Some e-mail mistakes sneak up on even experienced marketers. Check out the recent MarketingProfs article by Amanda Kiviaho to see five of the most common e-mail pitfalls and tips for avoiding costly marketing tumbles. At the top of her list is tacking on the subject line as a marketing afterthought. The subject line is key to open rate and thus click-through, so make sure it is part of e-mail strategy from the get-go, is based on past performance metrics, and is constantly tested to optimize, Kiviaho advises. Next, though relevant content is supposedly a marketing mantra, e-mails still blast out without regard to recipient interest or value, resulting in a disengaged. even disappearing, audience. The lesson: Content needs to be tied to smart e-mail list segmentation--using past response metrics such as opens, clicks, purchases or sign-ups. Expecting creative changes to result in immediate lift also can lead e-mail marketers astray toward ineffective updates or premature abandonment of changes, Kiviaho warns. Use A/B testing before roll-out and then be patient in judging results; response to new creative can initially dip before outperforming a control over time. Another common error is focus on revenue generation to the point of counterproductive over-mailing; one antidote is a disciplined e-mail calendar that monitors frequency and response by segment. Finally, e-mail does not earn optimum performance as a stand-alone, Kiviaho cautions; e-mail plans should draw input across the organization and marketing channels. Read more at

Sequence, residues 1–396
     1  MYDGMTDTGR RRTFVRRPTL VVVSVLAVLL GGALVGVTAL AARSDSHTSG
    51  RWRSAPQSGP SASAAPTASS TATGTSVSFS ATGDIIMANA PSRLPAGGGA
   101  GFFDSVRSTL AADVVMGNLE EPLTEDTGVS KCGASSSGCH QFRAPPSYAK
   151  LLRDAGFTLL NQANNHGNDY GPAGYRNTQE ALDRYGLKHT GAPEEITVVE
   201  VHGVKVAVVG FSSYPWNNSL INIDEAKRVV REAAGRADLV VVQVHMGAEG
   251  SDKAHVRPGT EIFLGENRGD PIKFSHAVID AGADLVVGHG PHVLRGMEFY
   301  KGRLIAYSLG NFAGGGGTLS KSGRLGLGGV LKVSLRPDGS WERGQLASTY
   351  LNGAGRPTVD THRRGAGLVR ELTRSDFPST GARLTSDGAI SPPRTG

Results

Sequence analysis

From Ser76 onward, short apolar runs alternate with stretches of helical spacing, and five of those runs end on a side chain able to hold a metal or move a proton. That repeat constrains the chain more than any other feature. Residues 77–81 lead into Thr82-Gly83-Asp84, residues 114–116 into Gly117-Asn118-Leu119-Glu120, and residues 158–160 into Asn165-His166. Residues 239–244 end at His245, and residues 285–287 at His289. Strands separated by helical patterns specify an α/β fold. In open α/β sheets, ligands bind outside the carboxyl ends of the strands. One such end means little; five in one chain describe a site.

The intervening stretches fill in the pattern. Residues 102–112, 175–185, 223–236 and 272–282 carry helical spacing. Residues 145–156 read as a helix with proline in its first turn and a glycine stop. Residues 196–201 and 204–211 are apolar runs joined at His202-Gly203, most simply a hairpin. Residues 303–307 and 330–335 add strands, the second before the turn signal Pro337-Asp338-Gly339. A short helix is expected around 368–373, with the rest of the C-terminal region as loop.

Tuesday, October 14, 2014

Ringing in the 2014 Holiday Fundraising Season